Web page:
See you on the farm!

Goats and Goings On

This is our newest addition to the farm: Baby the Boer goat. We are hoping for a good eater of brush and privet, and maybe someday we'll breed her and have baby goats. While Boers are not the best milkers, for their short milking period they give some very high-fat milk, which is great for making cheese.
We have been very busy on the farm raising our own heritage turkeys, geese, ducks and chickens. The incubators have been going non-stop since February, and deserve a break soon. Our last batch of turkeys are hatching as I write this, so once they are into the brooder the incubators will get put away for a few months.

We are excited to announce that we are undergoing "Certified Naturally Grown" grower certification. This means that we are growing and caring for our animals in a way that is even better than USDA organic because there are other area farmers who 'keep us honest'--not that we don't do that for ourselves, but I think it is a much better way than what the term "USDA Organic" actually means, which is very little. Please check out their website for more information, We hope to be inspected in the next few weeks and then our certification will be official!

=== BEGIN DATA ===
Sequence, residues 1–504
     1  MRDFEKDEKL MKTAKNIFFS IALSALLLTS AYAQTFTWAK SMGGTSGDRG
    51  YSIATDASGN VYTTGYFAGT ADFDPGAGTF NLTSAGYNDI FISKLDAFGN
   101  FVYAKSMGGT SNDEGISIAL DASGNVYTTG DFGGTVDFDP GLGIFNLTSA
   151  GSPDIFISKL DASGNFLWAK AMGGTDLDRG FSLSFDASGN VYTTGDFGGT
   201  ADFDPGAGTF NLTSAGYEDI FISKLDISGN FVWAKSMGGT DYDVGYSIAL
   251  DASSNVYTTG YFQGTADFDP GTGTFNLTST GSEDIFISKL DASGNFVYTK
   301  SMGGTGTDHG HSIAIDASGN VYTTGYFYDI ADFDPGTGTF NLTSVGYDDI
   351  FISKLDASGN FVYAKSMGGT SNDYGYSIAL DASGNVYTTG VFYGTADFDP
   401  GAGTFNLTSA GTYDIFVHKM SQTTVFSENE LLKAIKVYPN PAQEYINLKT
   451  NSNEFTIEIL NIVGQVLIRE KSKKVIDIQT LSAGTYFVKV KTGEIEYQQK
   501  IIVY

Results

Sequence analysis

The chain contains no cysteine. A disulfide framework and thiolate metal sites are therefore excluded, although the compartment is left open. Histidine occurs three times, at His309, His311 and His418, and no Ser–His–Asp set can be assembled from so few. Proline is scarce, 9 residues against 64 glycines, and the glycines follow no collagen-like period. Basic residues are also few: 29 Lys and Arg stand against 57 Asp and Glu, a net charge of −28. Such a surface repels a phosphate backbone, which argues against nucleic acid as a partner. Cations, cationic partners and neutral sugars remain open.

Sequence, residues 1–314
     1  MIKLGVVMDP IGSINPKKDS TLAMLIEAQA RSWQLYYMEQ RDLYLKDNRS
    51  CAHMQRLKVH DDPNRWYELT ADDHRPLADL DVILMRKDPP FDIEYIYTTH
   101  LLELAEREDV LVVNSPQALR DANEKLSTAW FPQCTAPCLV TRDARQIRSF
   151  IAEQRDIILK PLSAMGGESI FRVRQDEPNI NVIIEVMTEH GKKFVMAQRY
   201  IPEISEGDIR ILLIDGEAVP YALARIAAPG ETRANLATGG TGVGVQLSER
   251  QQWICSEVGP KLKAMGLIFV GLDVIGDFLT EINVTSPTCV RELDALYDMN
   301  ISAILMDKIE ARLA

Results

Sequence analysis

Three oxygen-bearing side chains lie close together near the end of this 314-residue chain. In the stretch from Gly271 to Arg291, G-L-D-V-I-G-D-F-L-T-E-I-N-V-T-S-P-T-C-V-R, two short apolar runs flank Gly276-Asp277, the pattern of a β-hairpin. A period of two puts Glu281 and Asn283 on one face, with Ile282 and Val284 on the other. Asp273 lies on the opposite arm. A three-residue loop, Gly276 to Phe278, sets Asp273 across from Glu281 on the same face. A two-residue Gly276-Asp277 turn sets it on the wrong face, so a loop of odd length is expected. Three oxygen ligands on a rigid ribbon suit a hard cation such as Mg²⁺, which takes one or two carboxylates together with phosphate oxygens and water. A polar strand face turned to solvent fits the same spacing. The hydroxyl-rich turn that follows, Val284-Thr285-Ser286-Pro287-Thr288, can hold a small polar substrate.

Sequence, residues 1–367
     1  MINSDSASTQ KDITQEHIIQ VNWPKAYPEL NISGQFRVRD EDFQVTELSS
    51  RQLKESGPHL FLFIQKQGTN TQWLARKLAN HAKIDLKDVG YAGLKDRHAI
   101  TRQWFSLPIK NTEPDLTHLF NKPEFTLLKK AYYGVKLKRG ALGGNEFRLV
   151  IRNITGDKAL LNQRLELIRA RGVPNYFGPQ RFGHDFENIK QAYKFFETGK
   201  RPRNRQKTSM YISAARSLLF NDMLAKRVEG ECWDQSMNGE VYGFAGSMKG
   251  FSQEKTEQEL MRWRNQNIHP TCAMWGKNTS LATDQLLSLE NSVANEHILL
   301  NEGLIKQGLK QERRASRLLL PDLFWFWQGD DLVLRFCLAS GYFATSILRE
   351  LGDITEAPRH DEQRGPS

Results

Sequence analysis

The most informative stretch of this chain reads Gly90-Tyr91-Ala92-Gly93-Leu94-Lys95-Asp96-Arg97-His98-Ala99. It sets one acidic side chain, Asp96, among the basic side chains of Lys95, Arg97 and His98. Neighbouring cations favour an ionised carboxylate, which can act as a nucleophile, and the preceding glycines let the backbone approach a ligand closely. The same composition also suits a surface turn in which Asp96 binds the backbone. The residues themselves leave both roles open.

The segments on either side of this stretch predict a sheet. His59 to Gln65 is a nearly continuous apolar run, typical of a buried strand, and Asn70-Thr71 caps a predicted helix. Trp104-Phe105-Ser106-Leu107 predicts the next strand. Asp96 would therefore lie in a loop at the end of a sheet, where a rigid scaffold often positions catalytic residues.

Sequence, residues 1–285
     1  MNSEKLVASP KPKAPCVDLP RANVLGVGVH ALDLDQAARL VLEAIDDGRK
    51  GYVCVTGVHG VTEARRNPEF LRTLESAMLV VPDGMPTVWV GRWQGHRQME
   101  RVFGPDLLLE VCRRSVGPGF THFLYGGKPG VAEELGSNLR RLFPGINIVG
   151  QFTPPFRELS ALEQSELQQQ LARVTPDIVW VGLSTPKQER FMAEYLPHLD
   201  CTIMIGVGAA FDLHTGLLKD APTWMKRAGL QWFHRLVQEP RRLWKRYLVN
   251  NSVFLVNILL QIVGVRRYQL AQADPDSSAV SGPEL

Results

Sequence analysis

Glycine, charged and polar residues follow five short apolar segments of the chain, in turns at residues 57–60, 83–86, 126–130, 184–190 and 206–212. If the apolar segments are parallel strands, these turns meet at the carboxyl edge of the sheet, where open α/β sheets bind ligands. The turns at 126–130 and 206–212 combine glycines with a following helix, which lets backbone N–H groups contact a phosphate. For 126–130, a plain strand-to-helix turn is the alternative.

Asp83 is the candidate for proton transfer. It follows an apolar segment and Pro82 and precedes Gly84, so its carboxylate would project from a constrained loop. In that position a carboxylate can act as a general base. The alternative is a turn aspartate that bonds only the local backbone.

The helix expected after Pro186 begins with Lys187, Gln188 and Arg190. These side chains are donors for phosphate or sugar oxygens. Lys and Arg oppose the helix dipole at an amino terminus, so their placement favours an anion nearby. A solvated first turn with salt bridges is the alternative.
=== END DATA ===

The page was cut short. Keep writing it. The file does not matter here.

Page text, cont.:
We are very happy to again offer Heritage Blue Slate Turkeys for Thanksgiving. These birds will range anywhere from 7-18 pounds when they are processed.
For Christmas we will have something new for the American consumer: Goose! Some of you may have tried goose before, but for most of us it is a new treat. For centuries goose has been THE Christmas meal in Great Britain. Goose is what Ebenezer Scrooge sent the young boy to buy on Christmas Day! Goose is darker meat, fattier and juicer, and the goose fat left over from cooking is amazing for cooking potatoes in, I can tell you! Our Embden and African Geese range from about 10-14 pounds, and they subsist mainly on pasture grass with some organic feed supplement as they choose.